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Our History

In 1921, in Hull, Québec, 220 workers representing eighty unions from various industrial sectors participated in a convention to found the Confederation of Catholic Workers of Canada (CCWC). At the time, the clergy held considerable influence in Québec. The CCWC distinguished itself from the American labour movement by supporting autonomous trade unionism.

The CCWC worked to address the exploitation of workers in unsanitary factories and challenged the complacency and corruption of political officials in the midst of intolerable conditions. At the same time, it also strongly opposed American economic domination, as well as domination by American unions, among other struggles.

In 1960, the CCWC secularized and changed its name to the Confédération des syndicats nationaux (Federation of National Trade Unions), or CSN. All Québec was in turmoil as it emerged from the period known as the “Great Darkness.” For the young CSN, the scope of union action was to transform all aspects of life at work: wages, job security, and pensions, but also dangerous work conditions, discrimination of all kinds, hierarchies, exhausting work schedules, arbitrariness, lack of training – everything that affects the dignity of workers. The CSN fights for respect.

The history of the CSN is also the history of Québec, in which the union has deep roots. In 1980, the CSN officially opted to support Québec’s political sovereignty. It has been a consistent stakeholder in popular struggles and debates for a fairer, more equal, and democratic society. Whether for the right to unionize, women’s equality in the labour force, or in the struggle against discrimination of all kinds, the CSN has always taken a strong stance against injustice. Its actions are inspired by the will and capacity of workers, and of the general population, to improve their daily lives.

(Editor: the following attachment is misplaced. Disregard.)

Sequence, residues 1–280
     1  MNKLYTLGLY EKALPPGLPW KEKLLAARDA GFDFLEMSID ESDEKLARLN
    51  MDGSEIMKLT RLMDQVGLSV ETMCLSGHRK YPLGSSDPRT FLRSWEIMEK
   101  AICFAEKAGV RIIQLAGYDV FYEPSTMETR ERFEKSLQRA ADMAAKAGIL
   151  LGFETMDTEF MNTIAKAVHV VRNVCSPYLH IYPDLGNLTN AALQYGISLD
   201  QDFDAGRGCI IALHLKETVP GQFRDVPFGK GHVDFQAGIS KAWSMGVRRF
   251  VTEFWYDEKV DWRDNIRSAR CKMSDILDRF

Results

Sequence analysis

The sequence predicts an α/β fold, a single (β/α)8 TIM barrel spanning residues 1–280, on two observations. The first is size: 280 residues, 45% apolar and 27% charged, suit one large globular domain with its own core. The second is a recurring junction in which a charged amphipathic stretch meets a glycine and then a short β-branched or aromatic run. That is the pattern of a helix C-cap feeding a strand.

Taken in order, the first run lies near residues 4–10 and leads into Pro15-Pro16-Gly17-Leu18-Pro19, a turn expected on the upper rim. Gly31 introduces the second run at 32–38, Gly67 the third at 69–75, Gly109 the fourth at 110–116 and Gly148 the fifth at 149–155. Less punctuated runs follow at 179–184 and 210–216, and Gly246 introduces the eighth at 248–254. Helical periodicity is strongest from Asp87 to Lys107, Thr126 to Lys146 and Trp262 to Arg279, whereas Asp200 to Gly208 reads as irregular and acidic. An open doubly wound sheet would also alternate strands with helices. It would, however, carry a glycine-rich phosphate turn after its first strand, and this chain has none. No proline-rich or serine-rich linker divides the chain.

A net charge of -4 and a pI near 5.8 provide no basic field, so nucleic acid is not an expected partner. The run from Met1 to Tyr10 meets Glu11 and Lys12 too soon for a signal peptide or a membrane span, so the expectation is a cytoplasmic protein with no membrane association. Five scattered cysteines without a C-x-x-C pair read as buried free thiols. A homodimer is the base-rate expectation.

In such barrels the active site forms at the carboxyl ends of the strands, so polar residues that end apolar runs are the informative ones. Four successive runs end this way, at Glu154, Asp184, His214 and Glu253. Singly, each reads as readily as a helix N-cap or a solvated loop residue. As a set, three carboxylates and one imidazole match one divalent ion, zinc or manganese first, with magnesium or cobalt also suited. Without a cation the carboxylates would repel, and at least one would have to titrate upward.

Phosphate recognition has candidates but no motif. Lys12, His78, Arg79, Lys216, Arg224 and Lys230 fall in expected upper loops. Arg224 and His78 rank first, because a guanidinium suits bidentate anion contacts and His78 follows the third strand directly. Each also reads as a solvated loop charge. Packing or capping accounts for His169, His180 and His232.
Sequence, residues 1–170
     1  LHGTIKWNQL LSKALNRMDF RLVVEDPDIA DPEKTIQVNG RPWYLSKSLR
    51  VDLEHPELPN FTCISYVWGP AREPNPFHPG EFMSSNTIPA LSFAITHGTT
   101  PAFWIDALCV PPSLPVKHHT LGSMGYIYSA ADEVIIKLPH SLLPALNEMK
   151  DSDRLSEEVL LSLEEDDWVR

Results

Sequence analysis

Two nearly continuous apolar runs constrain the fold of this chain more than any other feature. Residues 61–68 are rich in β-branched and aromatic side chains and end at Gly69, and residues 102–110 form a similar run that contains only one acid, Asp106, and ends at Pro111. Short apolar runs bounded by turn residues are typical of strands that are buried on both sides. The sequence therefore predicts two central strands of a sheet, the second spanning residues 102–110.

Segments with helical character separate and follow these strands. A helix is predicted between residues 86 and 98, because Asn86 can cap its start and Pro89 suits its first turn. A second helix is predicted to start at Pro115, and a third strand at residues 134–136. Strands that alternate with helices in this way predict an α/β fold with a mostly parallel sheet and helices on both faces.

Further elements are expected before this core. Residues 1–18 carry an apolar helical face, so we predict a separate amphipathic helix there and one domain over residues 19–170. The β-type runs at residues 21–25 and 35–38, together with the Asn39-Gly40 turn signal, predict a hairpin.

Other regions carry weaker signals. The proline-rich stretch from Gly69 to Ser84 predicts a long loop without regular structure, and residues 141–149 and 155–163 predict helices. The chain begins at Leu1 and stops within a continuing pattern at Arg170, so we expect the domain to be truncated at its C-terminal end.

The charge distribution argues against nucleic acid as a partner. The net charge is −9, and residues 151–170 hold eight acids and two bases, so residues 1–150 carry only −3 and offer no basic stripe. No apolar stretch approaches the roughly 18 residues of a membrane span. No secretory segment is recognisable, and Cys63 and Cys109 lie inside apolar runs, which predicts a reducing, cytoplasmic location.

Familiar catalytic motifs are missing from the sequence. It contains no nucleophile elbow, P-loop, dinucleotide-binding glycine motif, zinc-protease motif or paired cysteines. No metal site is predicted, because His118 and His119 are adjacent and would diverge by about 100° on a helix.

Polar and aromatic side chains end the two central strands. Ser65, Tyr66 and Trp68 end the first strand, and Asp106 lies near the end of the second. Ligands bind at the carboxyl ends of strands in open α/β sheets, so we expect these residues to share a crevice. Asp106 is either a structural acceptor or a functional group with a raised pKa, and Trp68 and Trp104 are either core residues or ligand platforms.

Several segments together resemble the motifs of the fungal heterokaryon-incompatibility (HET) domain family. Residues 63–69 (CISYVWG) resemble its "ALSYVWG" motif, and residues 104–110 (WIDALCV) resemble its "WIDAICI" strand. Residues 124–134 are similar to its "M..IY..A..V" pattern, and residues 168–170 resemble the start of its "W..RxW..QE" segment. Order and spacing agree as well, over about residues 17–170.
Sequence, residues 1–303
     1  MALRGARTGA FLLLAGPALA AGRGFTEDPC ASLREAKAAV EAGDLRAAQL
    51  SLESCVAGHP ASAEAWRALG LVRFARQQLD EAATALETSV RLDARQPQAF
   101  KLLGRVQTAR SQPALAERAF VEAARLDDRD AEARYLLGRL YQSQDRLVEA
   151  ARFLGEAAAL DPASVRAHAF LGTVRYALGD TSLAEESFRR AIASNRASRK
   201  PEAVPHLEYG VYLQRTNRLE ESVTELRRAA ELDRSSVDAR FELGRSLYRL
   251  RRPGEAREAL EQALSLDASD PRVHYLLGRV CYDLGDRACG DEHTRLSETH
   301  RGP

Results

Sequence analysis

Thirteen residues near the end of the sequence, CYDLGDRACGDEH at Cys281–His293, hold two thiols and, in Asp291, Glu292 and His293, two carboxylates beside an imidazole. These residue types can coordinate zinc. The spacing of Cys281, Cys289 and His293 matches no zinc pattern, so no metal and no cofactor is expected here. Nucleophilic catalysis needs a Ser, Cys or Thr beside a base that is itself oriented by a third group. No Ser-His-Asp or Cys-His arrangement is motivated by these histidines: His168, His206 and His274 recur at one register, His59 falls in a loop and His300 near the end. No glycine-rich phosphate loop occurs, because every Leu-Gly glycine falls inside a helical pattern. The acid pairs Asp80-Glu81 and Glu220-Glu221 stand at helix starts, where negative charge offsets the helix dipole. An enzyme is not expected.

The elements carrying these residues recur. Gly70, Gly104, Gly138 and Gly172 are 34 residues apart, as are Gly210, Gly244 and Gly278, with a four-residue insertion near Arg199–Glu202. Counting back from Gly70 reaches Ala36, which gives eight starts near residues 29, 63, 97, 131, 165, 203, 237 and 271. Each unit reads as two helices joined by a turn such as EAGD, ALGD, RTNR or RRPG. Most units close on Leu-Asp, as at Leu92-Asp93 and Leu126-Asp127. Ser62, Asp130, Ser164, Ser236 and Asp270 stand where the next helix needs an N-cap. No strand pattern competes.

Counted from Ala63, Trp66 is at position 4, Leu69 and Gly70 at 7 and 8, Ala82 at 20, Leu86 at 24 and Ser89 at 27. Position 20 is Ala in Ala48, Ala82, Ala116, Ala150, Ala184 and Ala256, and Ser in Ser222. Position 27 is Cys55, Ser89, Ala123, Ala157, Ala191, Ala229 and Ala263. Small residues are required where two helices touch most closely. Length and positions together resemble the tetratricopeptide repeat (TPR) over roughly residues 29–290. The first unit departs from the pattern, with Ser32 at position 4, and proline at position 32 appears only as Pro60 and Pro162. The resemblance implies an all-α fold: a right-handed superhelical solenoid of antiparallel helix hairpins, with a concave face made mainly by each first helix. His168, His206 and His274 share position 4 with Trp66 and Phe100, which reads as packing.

The CSN has participated in many struggles to improve the living and working conditions of thousands of workers and Québeckers.

Current efforts of this kind include struggles for:

  • Improvements to the Employment Insurance program and introduction of anti-scab legislation at the federal level;
  • Free bargaining rights for all workers;
  • Access to a free and universal public health care system;
  • Protection of French as a language in the workplace;
  • The rights to freedom of expression and information;
  • Prevention in occupational health and safety practices;
  • The right to a decent income for all retired workers;
  • Development of the manufacturing and forestry sectors;
  • Implementation of a true sustainable development policy.

Today’s CSN upholds, with equal conviction, the needs for political, economic, social, and union transformation, to improve the quality of life and wellbeing of its members, and of society as a whole.